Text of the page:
A young Italian pilot is interned in a British prison camp after his plane is shot down during the war against Greece. He falls in love with a doctor's daughter and manages to escape during... See full summary »
Three stories of well-off youths who commit murders. In the French episode a group of high school students kill one of their colleagues for his money. In the Italian episode a university ... See full summary »
Anna Maria Ferrero,
Edmund, a young boy who lives in war-devastated Germany after the Second World War has to do all kinds of work and tricks to help his family in getting food and barely survive. One day he ... See full summary »
Catherine and Alexander, wealthy and sophisticated, drive to Naples to dispose of a deceased uncle's villa. There's a coolness in their relationship and aspects of Naples add to the strain.... See full summary »
The location: Nazi occupied Rome. As Rome is classified an open city, most Romans can wander the streets without fear of the city being bombed or them being killed in the process. But life ... See full summary »
Irene Girard is an ambassador's wife and used to always live in luxury. After the dramatic death of her son, she feels guilty of having neglected him and feels compelled to help people in ... See full summary »
A French/Italian co-production with two episodes from Italy and five from France covering the seven deadly sins---actually eight as two of the sins are covered in one episode while a new "... See full summary »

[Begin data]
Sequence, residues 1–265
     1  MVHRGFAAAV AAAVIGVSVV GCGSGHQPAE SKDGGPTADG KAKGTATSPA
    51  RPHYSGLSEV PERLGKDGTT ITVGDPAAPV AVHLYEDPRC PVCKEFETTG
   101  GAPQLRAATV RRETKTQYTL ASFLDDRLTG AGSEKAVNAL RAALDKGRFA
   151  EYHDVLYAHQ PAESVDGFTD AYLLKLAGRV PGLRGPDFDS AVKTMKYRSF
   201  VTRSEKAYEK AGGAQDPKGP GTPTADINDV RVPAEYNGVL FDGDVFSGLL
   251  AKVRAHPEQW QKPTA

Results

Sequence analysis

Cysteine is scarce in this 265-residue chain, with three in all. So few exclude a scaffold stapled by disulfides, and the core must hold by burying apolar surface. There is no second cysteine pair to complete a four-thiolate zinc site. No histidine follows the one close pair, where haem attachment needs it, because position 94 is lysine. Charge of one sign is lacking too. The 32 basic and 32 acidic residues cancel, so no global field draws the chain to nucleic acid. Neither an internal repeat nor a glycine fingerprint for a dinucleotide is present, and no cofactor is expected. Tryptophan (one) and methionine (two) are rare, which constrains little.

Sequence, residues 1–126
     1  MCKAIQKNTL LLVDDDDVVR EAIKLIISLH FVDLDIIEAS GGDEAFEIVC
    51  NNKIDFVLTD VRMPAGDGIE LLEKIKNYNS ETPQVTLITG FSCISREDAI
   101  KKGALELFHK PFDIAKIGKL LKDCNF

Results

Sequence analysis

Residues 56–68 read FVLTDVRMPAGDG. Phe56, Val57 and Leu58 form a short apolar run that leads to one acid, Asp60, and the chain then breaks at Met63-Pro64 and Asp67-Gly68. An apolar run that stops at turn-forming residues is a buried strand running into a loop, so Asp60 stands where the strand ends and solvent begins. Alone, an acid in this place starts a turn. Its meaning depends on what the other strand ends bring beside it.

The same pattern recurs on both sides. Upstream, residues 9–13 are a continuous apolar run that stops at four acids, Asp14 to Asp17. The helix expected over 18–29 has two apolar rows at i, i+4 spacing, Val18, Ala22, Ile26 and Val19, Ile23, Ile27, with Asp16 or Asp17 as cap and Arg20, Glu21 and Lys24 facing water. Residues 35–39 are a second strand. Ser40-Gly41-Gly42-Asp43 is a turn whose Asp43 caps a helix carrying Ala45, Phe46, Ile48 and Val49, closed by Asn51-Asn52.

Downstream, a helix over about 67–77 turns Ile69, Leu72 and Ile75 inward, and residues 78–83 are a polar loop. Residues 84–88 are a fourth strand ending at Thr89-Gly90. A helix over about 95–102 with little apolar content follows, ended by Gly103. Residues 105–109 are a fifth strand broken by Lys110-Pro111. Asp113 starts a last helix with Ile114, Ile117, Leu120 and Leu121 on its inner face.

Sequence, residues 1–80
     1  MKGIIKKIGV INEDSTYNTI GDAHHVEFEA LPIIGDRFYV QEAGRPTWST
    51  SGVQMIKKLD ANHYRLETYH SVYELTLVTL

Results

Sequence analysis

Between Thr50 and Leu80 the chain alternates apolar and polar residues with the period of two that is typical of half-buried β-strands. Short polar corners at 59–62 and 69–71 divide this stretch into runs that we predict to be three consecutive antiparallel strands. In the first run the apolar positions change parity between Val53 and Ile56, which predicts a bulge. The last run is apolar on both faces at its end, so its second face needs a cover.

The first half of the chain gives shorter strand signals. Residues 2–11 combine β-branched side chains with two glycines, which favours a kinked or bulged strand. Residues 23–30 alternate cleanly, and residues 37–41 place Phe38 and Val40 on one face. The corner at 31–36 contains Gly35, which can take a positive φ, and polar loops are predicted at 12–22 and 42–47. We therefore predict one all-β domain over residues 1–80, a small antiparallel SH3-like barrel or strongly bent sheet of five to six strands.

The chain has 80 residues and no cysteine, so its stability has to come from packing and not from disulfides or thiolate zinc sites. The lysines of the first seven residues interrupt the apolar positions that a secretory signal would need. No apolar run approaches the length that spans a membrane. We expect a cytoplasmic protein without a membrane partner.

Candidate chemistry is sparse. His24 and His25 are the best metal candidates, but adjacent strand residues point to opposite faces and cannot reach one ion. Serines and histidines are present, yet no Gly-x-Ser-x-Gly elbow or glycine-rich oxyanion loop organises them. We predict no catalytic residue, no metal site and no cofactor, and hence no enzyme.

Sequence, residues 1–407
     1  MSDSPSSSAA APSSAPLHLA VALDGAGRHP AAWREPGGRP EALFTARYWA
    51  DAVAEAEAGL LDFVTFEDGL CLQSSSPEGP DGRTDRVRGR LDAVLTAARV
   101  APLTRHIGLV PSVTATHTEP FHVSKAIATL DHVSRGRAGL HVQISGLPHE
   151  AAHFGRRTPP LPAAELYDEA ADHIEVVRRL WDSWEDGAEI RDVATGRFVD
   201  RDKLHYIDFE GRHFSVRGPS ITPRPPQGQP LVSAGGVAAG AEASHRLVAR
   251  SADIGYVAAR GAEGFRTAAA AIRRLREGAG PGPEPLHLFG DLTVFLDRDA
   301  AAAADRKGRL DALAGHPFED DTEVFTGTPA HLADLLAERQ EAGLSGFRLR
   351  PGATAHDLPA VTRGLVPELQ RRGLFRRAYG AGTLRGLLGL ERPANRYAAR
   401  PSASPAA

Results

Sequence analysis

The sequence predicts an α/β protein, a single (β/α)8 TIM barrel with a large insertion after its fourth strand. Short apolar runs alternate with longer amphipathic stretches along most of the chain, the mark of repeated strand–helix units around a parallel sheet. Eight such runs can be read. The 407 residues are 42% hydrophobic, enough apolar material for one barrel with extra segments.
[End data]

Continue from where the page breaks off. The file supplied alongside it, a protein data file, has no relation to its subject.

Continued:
A young Italian pilot is interned in a British prison camp after his plane is shot down during the war against Greece. He falls in love with a doctor's daughter and manages to escape during a bombardment. He reaches home, wounded, just as news arrives of the Greek surrender. Written by
For the first time I've seen a film by Roberto Rossellini prior to his Neorealist classics, based on a story by il Duce's son, Vittorio Mussolini (credited with the anagram Tito Silvio Mursino). So by its date and origin it may be labeled a "Fascist film", but not surprisingly Rossellini avoids any overt reference to or exaltation of the regime, from a screenplay co-written with Michelangelo Antonioni, among others. At first I thought I was going to see a sort of Italian "Top Gun" as the movie takes around 20 minutes describing the activities of Italian pilots, but soon the airplane of the title hero (Massimo Girotti, the star of Visconti's "Ossessione") is knocked down and he is imprisoned by the British officers. Suddenly the hunter becomes the hunted, and Rossellini elaborates on his belief that personal stories are illustrations of history and politics: the pilot is nothing but a puppet of his country's foreign policy. Rossellini then describes the state of the prisoners, as they endure cold, hunger and disease, and are taken by the British from an old farm to a port in the Mediterranean, while bombs are dropped over roads, fields and bridges, to a patriotic ending (that is revealed by the title). Rossellini tells this story in 85 minutes, with early examples of what Bazin would describe as "image fact": long takes, where the camera moves (including a 360° turn) not to advance the story, but to show the environment, the conditions where the characters interact. Rossellini narrates fast and synthesizes the fable, though his economy was not determined --as in "Romà, citta aperta"-- by the surrounding events (war), showing the development of a style that would grow during the Neorealist movement
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